Fire officials offer safety advice as students head back to school
International students unaware of prevention methods, focus of new initiative by Fire Services
Toronto Fire Services is encouraging students who are headed back to school in September, and are moving into off-campus homes, to practise fire safety and prevention tactics.
The awareness campaign kicked off Wednesday after a fire at a Scarborough rooming house in May killed 18-year-old Helen Guo, an international student from China who was studying at the University of Toronto Scarborough (UTSC.)
"We're at that point where a lot of people are moving back into off-campus housing so they're leaving home, they're moving into a facility or apartment or room that is different to them and not necessarily up to code and up to standard," said Toronto Fire Chief Matthew Pegg.
Are you moving into off-campus student housing? Please use this awesome <a href="https://twitter.com/enbridgegas?ref_src=twsrc%5Etfw">@enbridgegas</a> <a href="https://twitter.com/Toronto_Fire?ref_src=twsrc%5Etfw">@Toronto_Fire</a> checklist to ensure that you are fire safe in your home away from home! Any questions? <a href="https://twitter.com/Toronto_Fire?ref_src=twsrc%5Etfw">@Toronto_Fire</a> can help. Call 3-1-1. <a href="https://twitter.com/TorontoComms?ref_src=twsrc%5Etfw">@TorontoComms</a> <a href="https://t.co/jcygMIBM32">pic.twitter.com/jcygMIBM32</a>—@ChiefPeggTFS
In partnership with Enbridge, Pegg says Fire Services has produced a pamphlet that students can use to ensure the home they are moving into is fire safe.
Students can go through a checklist that outlines fire preventative measures they should look for in a home, such as whether there is a smoke alarm on every floor of the home and that it's working, or ensuring that each floor has at least two exits.
"All too frequently, we still encounter circumstances where there aren't working smoke alarms in the building. That doesn't give the residents that early detection and early notification time for them to escape the fire."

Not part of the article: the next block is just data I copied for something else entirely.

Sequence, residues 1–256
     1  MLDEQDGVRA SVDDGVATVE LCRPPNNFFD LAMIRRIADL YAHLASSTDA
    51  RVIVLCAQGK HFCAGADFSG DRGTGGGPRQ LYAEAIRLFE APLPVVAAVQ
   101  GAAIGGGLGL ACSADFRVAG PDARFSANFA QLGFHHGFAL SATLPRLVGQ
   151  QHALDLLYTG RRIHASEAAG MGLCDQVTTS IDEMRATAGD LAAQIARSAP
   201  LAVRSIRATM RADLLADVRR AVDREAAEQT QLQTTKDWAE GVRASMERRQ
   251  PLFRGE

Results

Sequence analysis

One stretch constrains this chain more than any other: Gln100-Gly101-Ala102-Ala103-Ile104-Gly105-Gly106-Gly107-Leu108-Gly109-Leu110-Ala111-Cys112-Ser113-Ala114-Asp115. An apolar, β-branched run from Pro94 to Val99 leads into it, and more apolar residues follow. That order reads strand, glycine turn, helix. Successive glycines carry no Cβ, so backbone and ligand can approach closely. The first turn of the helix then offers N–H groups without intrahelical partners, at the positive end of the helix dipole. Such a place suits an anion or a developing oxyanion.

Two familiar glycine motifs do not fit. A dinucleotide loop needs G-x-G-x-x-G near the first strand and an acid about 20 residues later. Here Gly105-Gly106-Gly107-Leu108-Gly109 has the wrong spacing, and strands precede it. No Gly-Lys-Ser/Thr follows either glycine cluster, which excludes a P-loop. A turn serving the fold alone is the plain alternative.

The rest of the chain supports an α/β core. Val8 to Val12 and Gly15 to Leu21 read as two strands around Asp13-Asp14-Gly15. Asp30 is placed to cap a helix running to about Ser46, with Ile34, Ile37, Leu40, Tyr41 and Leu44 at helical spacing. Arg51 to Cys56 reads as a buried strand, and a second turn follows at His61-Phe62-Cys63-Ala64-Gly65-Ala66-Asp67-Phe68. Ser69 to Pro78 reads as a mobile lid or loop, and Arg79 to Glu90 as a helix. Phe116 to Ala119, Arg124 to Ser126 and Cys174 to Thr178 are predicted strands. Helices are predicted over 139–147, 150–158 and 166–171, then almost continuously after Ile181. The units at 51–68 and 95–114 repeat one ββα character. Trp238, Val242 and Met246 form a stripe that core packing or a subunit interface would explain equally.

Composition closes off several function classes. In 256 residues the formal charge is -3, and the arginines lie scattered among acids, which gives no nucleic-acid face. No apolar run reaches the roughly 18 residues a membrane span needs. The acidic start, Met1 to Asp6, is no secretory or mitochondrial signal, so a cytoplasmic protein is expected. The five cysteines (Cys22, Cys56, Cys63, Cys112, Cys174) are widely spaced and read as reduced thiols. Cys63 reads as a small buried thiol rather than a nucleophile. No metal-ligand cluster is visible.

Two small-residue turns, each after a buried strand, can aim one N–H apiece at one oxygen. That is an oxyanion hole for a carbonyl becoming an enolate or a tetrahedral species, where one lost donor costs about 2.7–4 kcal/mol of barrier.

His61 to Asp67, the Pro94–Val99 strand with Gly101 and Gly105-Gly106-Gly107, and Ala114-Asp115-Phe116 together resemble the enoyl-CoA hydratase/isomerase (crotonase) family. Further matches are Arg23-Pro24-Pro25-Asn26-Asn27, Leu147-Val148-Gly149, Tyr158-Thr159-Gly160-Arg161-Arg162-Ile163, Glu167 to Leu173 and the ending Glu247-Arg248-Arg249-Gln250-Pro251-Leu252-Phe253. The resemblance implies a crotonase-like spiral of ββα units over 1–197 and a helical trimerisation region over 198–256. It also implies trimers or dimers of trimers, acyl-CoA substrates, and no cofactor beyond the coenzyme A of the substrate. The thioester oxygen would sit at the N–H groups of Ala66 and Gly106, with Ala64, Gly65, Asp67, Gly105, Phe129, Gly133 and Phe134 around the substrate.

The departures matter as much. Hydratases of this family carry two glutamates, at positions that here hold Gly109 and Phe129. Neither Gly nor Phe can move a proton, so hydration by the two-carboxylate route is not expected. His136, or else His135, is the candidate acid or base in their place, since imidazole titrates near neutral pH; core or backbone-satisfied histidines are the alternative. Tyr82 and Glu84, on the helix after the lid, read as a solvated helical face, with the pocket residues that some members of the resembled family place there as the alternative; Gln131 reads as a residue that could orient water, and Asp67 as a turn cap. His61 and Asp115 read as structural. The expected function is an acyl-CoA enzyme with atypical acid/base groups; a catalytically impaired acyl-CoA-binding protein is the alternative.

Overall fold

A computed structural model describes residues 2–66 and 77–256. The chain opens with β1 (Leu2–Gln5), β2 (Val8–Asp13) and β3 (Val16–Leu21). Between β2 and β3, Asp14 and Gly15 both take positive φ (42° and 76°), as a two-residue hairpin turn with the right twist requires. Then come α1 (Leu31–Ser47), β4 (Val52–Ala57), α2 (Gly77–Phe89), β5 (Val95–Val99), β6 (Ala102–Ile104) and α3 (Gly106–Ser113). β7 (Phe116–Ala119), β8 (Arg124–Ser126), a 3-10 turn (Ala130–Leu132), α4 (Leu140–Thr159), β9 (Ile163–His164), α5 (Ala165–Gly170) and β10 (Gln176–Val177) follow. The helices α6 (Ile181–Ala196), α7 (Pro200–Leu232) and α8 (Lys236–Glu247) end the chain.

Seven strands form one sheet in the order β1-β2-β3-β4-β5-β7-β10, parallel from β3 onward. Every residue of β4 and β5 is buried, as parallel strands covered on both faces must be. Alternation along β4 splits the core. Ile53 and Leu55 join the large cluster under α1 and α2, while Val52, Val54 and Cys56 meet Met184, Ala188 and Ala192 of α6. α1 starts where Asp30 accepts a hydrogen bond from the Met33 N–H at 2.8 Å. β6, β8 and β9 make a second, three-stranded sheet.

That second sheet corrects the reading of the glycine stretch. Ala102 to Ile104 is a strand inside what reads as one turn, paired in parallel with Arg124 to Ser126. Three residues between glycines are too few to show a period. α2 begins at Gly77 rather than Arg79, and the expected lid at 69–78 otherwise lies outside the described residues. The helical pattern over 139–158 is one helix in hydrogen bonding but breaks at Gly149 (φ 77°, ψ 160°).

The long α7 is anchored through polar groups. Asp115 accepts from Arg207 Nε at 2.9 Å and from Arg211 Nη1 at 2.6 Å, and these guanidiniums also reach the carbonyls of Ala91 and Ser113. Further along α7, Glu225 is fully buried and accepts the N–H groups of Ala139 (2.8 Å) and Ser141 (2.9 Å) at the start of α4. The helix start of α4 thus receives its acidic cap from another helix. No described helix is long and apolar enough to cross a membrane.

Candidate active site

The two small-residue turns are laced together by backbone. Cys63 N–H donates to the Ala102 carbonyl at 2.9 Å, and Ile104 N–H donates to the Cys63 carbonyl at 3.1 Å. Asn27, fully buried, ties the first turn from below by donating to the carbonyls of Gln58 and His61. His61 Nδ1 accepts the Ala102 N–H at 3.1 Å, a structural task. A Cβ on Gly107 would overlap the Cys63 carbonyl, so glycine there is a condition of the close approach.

Initiative focuses on international students
In light of Guo's death, Pegg said the focus of the initiative is on the large influx of international students who come into the city every year.
"We often take for granted that people understand you call 911 for emergency services."
On May 30th, Guo was in her home on Haida Court, near Ellesmere Road and Military Trail, that she shared with three other international students when a fire erupted.
The other three occupants, who are also U of T students, managed to escape, one by jumping out of a second story window. Guo was left inside.
Three months after the fire, Pegg said on Wednesday that the origin of the fatal fire has not yet been determined.
"We haven't received a detailed origin and cause information from the provincial fire investigators yet."
UTSC students say fire safety isn`t a priority
Several UTSC students spoke to the CBC and said when they or their friends are moving into an off-campus home, the stress of finding a home in Toronto leaves them little room to think about fire safety.
"I don`t know if students know the in depth of what really to look for when they are looking for a house to rent," said Miranda To, a third year life science student at UTSC.
According to Pegg, landlords are required by the law to have a smoke alarm on every floor but students say that's something many may not know.
"When a scare happens like the one that recently happened back in May, that definitely opens people's eyes more," said Deena Hassan, a UTSC student.